By LAURA Reiley
Times Food Critic
You may know Michael Lee's work. He was responsible for much of the dim sum at T.C. Choy's in Tampa and then Ha Long Bay in St. Petersburg. Dim sum is still a rarity in these parts, and in fact this just may be the only dim sum in Brandon.
Lee House is new, opened at the end of December. It took over the space of a former Chinese restaurant. Yet, if you were to view it sans rice, noodles, chopsticks and such, there would be nothing to give away its cuisine at all. It's a clean slate awaiting decor like Sleeping Beauty awaiting a lollygagging prince.
The draw is Lee's work with those crazy whorled and folded dumplings and, one of my fetish foods, Peking duck. He and the other two owners, Priscilla Uong and David Or, have opted for options: There's a buffet at lunch, a buffet at dinner, a special super-quick lunch combo, regular a la carte menu and a second dim sum menu. Forget the buffet. It's fine, but the fresh-from-the-kitchen a la carte dishes trump it every time. Lee learned to cook in hotels in Hong Kong, but the duck is his mother's recipe.
Burnished, crackly skin, plush meat below, little pillowy steamed buns, hoisin and sliced scallion ($16 half, $30 whole, the whole easily feeding four). It's a near-perfect food. When it's busy they trot out the dim sum carts; the rest of the time it's the less dramatic plated approach. No matter. Smalls are $2, mediums are $2.75 and larges are $3, but it doesn't really look like the size is the price indicator. The fancier, the more expensive. Of what I tried, the classic siu mai pork dumplings were perfect, the steamed pork buns with their neon, sweet filling (like the Chinese answer to a Hostess Sno Ball) just right, and the shrimp balls bouncy and subtle.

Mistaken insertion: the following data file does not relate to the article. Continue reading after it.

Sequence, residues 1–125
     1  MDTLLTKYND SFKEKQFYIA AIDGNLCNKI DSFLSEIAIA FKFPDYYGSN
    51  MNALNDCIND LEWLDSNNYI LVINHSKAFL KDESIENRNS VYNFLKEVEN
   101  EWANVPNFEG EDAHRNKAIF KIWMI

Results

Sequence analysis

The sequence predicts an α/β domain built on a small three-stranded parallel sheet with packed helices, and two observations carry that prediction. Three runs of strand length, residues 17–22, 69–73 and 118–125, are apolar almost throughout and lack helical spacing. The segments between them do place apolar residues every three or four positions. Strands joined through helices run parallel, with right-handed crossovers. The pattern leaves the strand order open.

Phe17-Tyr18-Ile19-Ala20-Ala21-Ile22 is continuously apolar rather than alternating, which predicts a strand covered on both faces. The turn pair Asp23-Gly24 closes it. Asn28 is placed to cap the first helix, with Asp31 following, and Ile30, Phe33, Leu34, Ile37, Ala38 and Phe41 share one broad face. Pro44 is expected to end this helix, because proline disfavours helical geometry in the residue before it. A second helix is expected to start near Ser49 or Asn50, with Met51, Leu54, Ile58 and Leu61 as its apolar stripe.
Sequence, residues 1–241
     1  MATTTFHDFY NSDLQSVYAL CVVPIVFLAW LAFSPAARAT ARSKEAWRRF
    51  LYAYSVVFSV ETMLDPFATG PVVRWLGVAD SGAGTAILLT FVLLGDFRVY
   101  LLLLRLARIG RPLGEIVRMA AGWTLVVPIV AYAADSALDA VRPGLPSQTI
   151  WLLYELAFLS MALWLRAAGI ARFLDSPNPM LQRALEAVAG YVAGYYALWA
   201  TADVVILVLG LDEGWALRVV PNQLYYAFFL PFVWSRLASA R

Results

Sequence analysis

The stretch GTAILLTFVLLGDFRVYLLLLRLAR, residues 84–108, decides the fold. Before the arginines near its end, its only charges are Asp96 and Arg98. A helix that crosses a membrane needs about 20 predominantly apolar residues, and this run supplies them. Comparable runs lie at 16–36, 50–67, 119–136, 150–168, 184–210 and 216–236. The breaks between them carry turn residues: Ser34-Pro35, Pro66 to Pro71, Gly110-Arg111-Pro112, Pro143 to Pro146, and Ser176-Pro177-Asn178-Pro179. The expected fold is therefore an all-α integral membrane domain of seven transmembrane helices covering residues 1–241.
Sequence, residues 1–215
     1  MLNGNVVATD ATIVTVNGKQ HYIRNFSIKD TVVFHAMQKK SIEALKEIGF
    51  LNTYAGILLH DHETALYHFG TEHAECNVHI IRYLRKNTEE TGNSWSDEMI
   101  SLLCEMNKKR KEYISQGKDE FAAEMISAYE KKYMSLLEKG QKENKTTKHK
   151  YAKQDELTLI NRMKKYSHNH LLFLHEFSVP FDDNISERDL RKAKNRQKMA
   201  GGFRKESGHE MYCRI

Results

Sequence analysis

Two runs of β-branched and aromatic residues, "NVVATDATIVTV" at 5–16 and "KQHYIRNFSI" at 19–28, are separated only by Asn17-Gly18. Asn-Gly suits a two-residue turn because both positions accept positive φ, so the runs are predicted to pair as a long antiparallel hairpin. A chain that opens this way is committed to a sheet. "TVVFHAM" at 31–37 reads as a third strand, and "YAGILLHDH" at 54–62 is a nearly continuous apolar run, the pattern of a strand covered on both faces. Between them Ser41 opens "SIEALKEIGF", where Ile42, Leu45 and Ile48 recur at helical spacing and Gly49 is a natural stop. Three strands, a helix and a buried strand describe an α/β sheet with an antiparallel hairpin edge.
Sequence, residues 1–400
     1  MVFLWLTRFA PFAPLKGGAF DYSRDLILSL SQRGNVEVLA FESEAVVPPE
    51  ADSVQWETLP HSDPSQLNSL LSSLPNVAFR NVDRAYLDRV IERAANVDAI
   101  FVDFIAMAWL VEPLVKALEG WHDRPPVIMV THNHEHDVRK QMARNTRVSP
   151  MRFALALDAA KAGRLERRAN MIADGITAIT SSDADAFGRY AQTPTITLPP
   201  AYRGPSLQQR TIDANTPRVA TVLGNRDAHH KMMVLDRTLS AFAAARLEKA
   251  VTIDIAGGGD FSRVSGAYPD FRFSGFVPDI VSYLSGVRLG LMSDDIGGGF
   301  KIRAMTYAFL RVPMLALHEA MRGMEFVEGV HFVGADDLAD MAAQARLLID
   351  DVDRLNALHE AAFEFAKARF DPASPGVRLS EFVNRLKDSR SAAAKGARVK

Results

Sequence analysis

Lest the carbo load seem too weighty, throw in an order of garlicky broth-steamed Chinese broccoli ($7.25, so much "greener" tasting than Western broccoli) or slightly spicy green beans ($7.25). Then top it off with salt and pepper shrimp ($9.95) or a guilty-pleasure orange chicken ($8.95), oh-so breaded and fried and gloppy, yet its lengths of bitter orange peel lending the illusion of robust good health.
Lee House is off to a good start. With an interior gussying, a liquor license and a bit more server training, Brandon will have a treasure on its hands.
Laura Reiley can be reached at firstname.lastname@example.org or (727) 892-2293. Her blog, the Mouth of Tampa Bay, is at blogs.tampabay.com/dining. Reiley dines anonymously and unannounced. The Times pays all expenses. Advertising has nothing to do with selection for review or the assessment.